3. Special loan conditionalities are particularly suitable for the poor.

4. Simultaneous undertaking of a social development agenda addressing the basic needs of the clientele.

5. Design and development of organisation and management systems capable of delivering programme resources to targeted clientele.

6. Expansion of loan portfolio to meet diverse development needs of the poor.


Principles of Grameen Bank

There are two principles of Grameen Bank, such as the Bank going to the poor a d Loan without Collateral to the poor.

The Bank goes to the Poor.

Basically, Grameen Bank exclusively focuses on the poorest of the poor. They set the priority assigned to women to ensure/meet the diverse socio-economic development needs of the poor. They clearly establish the eligibility criteria for selecting targeted clientele and adopt practical measures to screen out those who do not meet them. They investigate the client's problems or complexity and then set priority to Grameen credit and make borrowers organised into small homogeneous groups. The emphasis from the outset is to organisationally strengthen the Grameen clientele to acquire the capacity to plan and implement micro-level development decisions. The centres are functionally linked to the Grameen Bank, whose field workers have weekly centre meetings.

They make the design and development of organisation and management systems capable of delivering programme resources to targeted clientele. The system has evolved gradually through a structured learning process that involves trials, errors and continuous adjustments. A significant requirement to operationalise the strategy is the special training needed to develop highly motivated staff. The decision-making and operational authority are gradually decentralised, and administrative functions are delegated at the zonal levels downwards.

Instead of the poor coming to the bank, Grameen Bank carries its services to the comfort zones of their doorsteps. It explains why the Bank’s members consist primarily of women who usually shy away from the glare of a conventional bank with branches located away from the poor life. All banking transactions except loan disbursements are done in the meetings of the borrowers at the village level centres organised by the Bank’s centre manager.

The mode of operation of Grameen Bank is as follows. A bank branch is set up with a branch manager and several centre managers and covers an area of about 15 to 22 villages. The manager and the workers start by visiting villages to familiarise themselves with the local milieu in which they will be operating, identify the prospective clientele, and explain the purpose, functions, and mode of operation of the bank to the local population. Groups of five prospective borrowers are formed; only two are eligible for and receive a loan in the first stage. The group is observed for a month to see if the members conform to the bank's rules. Only if the first two borrowers begin to repay the principal plus interest over six weeks do the other group members become eligible for a loan. Because of these restrictions, there is substantial group pressure to keep individual records clear. In this sense, the collective responsibility of the group serves as the collateral on loan.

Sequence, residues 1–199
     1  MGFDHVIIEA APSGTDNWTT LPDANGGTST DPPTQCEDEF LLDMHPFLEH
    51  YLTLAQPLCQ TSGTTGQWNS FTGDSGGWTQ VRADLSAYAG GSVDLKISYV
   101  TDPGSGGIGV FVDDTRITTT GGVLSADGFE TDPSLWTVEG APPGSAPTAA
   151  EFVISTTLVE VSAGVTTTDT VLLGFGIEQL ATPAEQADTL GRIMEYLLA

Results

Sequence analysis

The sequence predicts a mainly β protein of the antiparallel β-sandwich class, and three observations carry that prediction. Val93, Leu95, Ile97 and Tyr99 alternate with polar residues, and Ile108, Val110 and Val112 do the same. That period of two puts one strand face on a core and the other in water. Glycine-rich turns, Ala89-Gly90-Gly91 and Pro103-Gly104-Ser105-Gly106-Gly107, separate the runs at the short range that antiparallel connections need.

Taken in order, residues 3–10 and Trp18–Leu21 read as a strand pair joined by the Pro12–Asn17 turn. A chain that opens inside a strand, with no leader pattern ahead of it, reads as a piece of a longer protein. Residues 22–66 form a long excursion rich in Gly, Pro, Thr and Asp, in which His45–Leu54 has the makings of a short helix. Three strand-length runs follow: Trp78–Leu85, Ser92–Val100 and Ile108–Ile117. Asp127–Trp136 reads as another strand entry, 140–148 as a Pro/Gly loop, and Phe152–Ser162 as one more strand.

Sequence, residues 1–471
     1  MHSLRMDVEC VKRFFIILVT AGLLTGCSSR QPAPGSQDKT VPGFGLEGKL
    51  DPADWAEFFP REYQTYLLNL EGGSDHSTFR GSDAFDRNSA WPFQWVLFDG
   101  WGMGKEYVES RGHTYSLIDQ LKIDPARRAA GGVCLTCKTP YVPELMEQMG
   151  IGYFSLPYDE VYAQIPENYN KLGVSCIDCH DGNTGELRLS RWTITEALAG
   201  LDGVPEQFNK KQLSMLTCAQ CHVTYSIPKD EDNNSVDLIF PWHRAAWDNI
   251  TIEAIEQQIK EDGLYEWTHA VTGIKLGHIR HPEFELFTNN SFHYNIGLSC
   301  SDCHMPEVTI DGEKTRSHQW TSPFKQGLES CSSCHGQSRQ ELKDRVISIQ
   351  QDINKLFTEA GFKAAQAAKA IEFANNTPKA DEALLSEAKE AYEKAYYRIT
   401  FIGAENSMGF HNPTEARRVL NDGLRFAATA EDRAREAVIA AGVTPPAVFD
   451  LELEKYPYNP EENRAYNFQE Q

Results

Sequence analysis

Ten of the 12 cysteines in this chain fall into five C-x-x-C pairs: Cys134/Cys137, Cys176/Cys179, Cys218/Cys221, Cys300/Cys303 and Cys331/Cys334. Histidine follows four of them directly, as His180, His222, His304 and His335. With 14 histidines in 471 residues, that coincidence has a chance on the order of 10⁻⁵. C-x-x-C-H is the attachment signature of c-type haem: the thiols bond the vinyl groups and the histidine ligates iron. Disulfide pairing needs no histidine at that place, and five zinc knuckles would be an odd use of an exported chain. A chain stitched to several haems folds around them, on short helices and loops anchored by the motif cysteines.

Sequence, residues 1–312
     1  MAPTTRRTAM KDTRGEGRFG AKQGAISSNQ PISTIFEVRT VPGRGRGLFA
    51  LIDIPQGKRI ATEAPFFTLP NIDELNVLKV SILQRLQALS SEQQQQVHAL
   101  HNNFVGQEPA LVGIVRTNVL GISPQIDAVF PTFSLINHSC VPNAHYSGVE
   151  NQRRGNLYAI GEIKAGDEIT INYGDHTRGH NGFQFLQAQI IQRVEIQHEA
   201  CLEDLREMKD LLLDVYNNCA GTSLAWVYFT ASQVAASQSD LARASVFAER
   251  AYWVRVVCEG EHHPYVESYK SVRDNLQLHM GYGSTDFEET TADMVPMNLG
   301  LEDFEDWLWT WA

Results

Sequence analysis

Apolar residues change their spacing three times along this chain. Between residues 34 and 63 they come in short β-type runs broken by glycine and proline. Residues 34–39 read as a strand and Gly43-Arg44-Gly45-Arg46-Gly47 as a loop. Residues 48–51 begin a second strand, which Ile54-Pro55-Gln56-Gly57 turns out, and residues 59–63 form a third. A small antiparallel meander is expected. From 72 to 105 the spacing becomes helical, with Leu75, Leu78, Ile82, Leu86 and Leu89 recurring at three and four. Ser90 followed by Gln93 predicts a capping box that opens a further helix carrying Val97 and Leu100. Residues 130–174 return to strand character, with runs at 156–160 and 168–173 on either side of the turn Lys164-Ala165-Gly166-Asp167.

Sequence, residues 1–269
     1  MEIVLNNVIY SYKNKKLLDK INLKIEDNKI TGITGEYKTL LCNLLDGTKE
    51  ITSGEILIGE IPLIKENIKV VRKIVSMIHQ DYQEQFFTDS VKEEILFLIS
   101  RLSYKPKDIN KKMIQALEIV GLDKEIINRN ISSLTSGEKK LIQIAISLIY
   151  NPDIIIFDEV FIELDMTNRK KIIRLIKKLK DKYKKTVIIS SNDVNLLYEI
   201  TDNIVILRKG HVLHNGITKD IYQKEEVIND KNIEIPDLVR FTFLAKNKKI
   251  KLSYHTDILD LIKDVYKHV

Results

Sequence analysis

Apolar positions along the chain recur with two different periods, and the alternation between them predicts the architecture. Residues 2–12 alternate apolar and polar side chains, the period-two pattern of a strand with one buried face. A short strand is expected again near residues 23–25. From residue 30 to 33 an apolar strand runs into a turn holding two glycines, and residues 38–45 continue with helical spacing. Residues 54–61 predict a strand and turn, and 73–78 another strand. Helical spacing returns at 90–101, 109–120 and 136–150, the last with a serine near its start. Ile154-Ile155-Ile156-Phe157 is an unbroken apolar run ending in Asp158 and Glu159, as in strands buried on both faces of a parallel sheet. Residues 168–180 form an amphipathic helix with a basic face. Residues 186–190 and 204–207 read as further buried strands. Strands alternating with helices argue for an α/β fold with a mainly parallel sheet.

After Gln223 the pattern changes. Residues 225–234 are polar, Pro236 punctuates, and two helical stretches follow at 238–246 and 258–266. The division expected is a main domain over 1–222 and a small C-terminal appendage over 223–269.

Loan without Collateral

Grameen Bank (GB) has reversed conventional banking practice by removing the need for collateral and creating a banking system based on mutual trust, accountability, participation and creativity. GB provides credit to the poorest of the poor in rural Bangladesh without any collateral. At GB, credit is a cost-effective weapon to fight poverty. It serves as a catalyst in the overall development of the poor socio-economic conditions who have been kept outside the banking orbit because they are poor and hence not bankable. Professor Muhammad Yunus, the founder of “Grameen Bank,” reasoned that if financial resources can be made available to the poor people on terms and conditions that are appropriate and reasonable, “these millions of small people with their millions of small pursuits can add up to create the biggest development wonder.”

As of December 2015, it has 8.81 million borrowers, 97 percent of women. With 2,568 branches, GB provides services in 81,392 villages, covering more than 97 percent of the total villages in Bangladesh.

The Bank does not work for profit alone, as demonstrated by the zero or subsidised interest rates for the disadvantaged segments of the people. Nevertheless, the Bank continues to achieve significant operating and net profits growth. During the year, the Bank earned a profit of BDT 24 million and declared a 30% cash dividend for the year. The bank has also created a Dividend Equalization Fund to cushion against adverse situations weighing down on the bank’s profit due to natural or manmade calamities. It ensures a fair degree of stability in the rates of dividends payable to the shareholders over the years. It serves as an incentive for the shareholders to sustain their enthusiasm to carry GB’s goals to empower the poor. Payment of attractive dividends inspires shareholders to relentlessly work toward supporting the momentum that has been a hallmark of GB’s performance year after year. What is more significant is that the Bank’s borrowers are its shareholders and the government.

The underlying premise of Grameen is that, to emerge from poverty and remove themselves from the clutches of usurers and middlemen, landless peasants need access to credit, without which they cannot be expected to launch their own enterprises, however small these may be. In defiance of the traditional rural banking postulate whereby “no collateral (in this case, land) means no credit”, the Grameen Bank experiment set out to prove – successfully – that lending to the poor is not an impossible proposition; on the contrary, it allows landless peasants to purchase their own tools, equipment, or other necessary means of production and embark on income-generating ventures which will enable them to escape from the vicious cycle of “low income, low savings, low investment, low income”. In other words, the banker’s confidence rests upon the will and capacity of the borrowers to succeed in their undertakings.